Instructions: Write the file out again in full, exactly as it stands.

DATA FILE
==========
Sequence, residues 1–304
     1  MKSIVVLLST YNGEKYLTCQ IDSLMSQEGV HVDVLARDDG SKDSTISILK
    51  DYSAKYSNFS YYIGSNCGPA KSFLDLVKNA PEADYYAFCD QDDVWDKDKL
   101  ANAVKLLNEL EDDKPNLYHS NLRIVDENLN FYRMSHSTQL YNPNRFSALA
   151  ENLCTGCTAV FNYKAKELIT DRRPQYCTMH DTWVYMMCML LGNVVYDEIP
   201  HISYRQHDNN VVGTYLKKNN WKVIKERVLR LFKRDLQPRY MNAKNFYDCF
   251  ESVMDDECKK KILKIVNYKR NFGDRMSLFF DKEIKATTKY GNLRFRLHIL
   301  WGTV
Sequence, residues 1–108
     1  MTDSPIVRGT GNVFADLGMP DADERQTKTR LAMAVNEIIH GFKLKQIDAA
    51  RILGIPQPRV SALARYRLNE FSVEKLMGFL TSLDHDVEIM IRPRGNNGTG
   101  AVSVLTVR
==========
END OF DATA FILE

Sequence, residues 1–304
     1  MKSIVVLLST YNGEKYLTCQ IDSLMSQEGV HVDVLARDDG SKDSTISILK
    51  DYSAKYSNFS YYIGSNCGPA KSFLDLVKNA PEADYYAFCD QDDVWDKDKL
   101  ANAVKLLNEL EDDKPNLYHS NLRIVDENLN FYRMSHSTQL YNPNRFSALA
   151  ENLCTGCTAV FNYKAKELIT DRRPQYCTMH DTWVYMMCML LGNVVYDEIP
   201  HISYRQHDNN VVGTYLKKNN WKVIKERVLR LFKRDLQPRY MNAKNFYDCF
   251  ESVMDDECKK KILKIVNYKR NFGDRMSLFF DKEIKATTKY GNLRFRLHIL
   301  WGTV
Sequence, residues 1–108
     1  MTDSPIVRGT GNVFADLGMP DADERQTKTR LAMAVNEIIH GFKLKQIDAA
    51  RILGIPQPRV SALARYRLNE FSVEKLMGFL TSLDHDVEIM IRPRGNNGTG
   101  AVSVLTVR